Sydney's Taronga Western Plains Zoo has celebrated the milestones of two of its rhino calves.
New South Wales (NSW) state Environment Minister Mark Speakman said the two calves whose species are endangered in the wild are progressing well at Taronga Western Plains Zoo.
"The zoo is now operating successful breeding programs for three of the five surviving species of rhinoceros in the world, namely the Black, Greater One-horned and White Rhinoceroses," Speakman said on Wednesday.
Dafari, a male Black Rhino turned one today, while Rajah, a male Greater One-horned Rhino will mark his six-month birthday on April 25.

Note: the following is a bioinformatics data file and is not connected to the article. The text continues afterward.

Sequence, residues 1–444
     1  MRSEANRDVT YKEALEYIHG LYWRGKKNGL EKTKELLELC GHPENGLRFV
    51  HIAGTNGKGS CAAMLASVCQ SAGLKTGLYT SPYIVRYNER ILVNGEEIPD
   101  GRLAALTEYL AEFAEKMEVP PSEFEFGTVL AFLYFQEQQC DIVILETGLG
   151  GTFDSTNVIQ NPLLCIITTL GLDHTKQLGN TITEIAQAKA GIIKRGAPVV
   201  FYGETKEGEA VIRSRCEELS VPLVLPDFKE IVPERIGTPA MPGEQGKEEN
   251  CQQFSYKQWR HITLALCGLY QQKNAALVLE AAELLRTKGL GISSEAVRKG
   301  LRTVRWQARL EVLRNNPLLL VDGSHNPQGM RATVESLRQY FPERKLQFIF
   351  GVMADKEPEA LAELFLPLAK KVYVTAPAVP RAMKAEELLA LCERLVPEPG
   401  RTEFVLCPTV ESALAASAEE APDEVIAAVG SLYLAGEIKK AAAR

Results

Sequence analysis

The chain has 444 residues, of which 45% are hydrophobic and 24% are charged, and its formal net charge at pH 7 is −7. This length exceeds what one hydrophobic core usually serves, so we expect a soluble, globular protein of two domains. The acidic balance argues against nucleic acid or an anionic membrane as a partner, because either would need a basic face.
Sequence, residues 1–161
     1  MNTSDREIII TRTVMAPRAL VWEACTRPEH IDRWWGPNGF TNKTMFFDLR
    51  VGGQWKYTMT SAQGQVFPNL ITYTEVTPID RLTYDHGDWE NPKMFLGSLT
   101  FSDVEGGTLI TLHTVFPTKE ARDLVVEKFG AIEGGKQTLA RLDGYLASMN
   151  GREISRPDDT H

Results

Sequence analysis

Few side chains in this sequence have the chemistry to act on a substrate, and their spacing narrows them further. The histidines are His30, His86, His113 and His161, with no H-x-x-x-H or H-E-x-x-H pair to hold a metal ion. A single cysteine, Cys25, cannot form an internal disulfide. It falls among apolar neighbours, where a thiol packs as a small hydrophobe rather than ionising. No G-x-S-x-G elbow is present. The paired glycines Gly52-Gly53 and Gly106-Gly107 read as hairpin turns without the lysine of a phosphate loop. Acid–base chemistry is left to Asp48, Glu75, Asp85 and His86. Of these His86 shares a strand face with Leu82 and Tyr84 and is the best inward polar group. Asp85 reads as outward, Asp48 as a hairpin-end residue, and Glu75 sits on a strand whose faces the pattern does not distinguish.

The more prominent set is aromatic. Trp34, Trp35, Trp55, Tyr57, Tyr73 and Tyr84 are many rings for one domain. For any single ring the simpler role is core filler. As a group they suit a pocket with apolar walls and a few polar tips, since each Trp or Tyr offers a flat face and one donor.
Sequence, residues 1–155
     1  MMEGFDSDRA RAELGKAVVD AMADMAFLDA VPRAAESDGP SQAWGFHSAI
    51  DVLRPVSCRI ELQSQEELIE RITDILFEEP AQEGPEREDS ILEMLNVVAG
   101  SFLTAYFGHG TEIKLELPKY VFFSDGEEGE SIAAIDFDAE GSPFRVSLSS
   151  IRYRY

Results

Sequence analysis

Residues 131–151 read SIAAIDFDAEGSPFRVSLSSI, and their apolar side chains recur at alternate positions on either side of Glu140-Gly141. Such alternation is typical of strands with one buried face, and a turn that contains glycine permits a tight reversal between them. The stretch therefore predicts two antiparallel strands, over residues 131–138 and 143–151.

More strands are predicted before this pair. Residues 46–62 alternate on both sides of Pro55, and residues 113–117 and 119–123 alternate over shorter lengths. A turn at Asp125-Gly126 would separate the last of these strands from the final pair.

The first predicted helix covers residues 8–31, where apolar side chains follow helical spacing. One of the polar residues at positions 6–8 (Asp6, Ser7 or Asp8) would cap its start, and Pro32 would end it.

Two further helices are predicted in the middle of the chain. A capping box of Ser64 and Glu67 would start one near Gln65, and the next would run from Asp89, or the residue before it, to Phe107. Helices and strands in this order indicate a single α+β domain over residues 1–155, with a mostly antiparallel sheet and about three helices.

Rajah was the first Greater One-horned Rhino calf to be born in Australia, which took over 15 years of planning from zoo staff.
NSW Acting Premier Troy Grant commended the dedication of the keepers and staff at Taronga Western Plains Zoo for their part in this landmark birth.
"Taronga's very successful rhino breeding program is one of the many attractions to the zoo which is a mainstay of regional tourism for the area," Grant said.
Taronga zoo was chosen by the International Rhino Foundation in 1992 to develop a conservation-breeding program for the Black Rhino.